The job of the salesperson is to help the prospect get what the prospect wants first and foremost. This is done not by TELLING the prospect what's best for him/her, but by asking questions in order to best determine what their needs are, then showing the prospect how best to fill those needs.
I've seen audio salesmen, and even owners of audio stores be rude to their prospects by talking down to them, or by using technical jargon to the point where the prospect's eyes glaze over, at which point the prospect walks out the door totally confused without buying a thing. These are the, I won't call them salesman, I'll call them clerks or order takers, who eventually mastermind their way right out of business.
What does a prospect want to know when they walk into an audio store? Do they want to know about low distortion figures, capacitors, resistors, slew rates, etc? Nope, they just want to be able to reproduce decent music in the home at a price they deem to be a value for the money spent.
I've taught plenty of sales training classes in my time. One of the things I convey to new salespeople is this: In any given year, there are over 250,000 quarter-inch drill bits sold in the United States. Did the prospects want the drill bit, or did the prospects want a nice, clean quarter-inch hole?
It's not necessary to explain to the prospect the hardness of the steel of the bit, the manufacturing process to make it, how to fit it into the drill motor, or anything else. All the guy wants is a quarter inch hole ... so take the order for the drill bit, collect the money, and let the prospect go on his way.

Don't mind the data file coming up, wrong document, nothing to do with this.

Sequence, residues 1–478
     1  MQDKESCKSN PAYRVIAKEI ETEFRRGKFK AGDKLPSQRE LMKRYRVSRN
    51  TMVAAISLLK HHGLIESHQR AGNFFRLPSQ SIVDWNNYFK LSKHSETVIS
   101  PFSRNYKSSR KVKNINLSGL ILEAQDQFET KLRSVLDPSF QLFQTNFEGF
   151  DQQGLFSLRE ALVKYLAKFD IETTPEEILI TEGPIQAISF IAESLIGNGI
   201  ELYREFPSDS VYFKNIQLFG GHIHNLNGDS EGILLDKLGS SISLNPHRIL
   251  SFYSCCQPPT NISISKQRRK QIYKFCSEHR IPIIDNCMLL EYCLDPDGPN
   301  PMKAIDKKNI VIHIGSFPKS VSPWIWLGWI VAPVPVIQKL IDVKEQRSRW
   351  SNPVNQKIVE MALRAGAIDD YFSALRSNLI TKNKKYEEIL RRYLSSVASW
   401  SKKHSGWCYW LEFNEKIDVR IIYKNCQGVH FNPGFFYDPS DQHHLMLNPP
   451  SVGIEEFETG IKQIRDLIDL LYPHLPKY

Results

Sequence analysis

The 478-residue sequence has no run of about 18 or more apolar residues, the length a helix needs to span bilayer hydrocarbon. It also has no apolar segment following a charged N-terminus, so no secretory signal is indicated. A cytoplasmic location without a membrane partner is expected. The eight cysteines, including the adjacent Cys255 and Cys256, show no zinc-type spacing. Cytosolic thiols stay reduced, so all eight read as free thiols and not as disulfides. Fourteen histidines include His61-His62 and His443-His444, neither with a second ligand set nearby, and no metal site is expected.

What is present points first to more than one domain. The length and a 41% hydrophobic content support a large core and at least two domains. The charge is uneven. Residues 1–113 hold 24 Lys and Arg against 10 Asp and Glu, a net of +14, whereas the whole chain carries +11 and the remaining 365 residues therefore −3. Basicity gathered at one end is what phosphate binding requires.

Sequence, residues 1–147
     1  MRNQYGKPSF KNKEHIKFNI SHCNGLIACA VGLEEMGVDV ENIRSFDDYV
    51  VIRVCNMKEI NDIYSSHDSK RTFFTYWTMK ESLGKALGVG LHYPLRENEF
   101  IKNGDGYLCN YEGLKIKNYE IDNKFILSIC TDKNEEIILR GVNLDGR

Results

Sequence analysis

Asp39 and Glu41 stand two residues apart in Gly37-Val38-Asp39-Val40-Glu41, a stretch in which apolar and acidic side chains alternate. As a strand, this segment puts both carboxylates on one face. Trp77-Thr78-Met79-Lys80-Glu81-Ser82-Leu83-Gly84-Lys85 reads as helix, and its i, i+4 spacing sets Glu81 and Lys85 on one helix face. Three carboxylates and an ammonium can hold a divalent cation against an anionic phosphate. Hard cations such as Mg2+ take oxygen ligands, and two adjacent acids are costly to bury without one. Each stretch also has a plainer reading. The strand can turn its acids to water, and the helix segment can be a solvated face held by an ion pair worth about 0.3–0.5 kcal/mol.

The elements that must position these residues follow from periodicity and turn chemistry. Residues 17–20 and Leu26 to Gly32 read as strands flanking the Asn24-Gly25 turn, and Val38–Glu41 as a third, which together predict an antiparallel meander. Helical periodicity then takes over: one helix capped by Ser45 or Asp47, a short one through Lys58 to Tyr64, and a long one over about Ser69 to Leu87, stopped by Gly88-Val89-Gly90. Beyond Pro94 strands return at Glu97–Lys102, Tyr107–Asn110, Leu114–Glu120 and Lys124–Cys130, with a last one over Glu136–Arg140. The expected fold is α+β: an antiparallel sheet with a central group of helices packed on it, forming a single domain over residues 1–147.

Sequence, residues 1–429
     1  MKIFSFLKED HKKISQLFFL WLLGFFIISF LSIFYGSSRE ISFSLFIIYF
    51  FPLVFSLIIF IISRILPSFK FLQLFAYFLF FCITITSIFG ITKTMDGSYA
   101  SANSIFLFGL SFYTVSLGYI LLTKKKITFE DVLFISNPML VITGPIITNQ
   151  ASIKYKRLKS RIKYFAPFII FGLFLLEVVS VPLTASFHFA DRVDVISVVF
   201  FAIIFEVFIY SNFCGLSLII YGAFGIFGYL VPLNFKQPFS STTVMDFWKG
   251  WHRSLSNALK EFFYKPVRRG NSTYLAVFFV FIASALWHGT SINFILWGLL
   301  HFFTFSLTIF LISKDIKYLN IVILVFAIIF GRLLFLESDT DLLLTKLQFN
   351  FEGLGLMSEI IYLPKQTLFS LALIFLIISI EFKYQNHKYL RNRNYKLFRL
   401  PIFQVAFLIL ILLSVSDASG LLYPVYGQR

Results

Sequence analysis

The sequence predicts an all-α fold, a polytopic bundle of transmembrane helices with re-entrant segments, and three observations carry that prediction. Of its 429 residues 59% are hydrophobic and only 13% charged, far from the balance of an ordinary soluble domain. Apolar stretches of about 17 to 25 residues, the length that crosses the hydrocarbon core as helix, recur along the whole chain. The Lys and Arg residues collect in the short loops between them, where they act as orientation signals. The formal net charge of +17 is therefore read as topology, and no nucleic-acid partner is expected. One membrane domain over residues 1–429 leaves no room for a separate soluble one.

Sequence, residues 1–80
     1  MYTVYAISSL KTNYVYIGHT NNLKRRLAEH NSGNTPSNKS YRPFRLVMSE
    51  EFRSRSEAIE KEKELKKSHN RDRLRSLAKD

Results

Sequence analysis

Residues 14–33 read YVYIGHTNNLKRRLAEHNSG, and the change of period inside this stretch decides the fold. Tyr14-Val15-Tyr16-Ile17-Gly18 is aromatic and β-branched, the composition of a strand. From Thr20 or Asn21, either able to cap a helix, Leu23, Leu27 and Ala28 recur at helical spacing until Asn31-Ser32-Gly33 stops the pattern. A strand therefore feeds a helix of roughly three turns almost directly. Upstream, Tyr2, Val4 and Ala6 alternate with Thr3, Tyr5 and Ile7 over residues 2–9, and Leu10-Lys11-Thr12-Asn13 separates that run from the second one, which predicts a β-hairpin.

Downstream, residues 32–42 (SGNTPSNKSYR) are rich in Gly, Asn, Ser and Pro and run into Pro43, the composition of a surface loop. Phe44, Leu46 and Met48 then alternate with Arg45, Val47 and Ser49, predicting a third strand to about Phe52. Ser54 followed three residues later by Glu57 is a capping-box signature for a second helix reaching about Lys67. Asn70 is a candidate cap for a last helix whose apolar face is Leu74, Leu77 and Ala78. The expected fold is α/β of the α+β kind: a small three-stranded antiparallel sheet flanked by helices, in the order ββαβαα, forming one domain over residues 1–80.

For any owner of an audio store, or anyone acting as a salesperson in that store, I'd have one question for them, and that would be: "What business are you in?" If they answer: "the audio business," I'd turn around and walk out. This is the death knell of all retail businesses ... they are NOT in the audio business, they are in the PEOPLE business. Big difference. They are there to help people get what they want.
The big key in selling is to ask questions, get the customer's feedback, then guide the prospect through to a successful transaction. You know you've arrived as a salesperson when the prospect smiles and says: "Do you know what I like about doing business with you? You are totally low pressure and I always get my questions answered;" This, as he/she walks out the door with that brand new $30,000 preamp. :-)
I am an MD, was once employed by large multi-specialty clinic before I left & went into solo private practice , there was a big discussion about how to get good patient satisfaction. Having waited tables in my youth, I said select only employees who have waited tables because they understand customer satisfaction because if the don't, they don't last long (snooty French waiters need not apply)-somebody asked "what about the doctors?" I said "ESPECIALLY the doctors!" They thought I was an idiot. I'm not there anymore. I think it fits here as well.
A good approach from the sales perspective would be to ask your experience and knowledge in the audio field for yourself and then go from there and have humility. It's such a broad field I'd like to think I know a lot but there's a lot I don't know.
When I lived in NYC long age they would not deminstrate anything unless you told them you would buy it. I had a close relationship with the owner and suggested that I work there part time as he often ask me what was new in audio and bought a tonearm from me as he had never seen one. No he said, you will want to talk to people. His name has just appeard from the recesses of my mind. It was Russ B! PS One of his salesmen ask me why I changed exuiptment often as he had had the same things for years! This was in 1970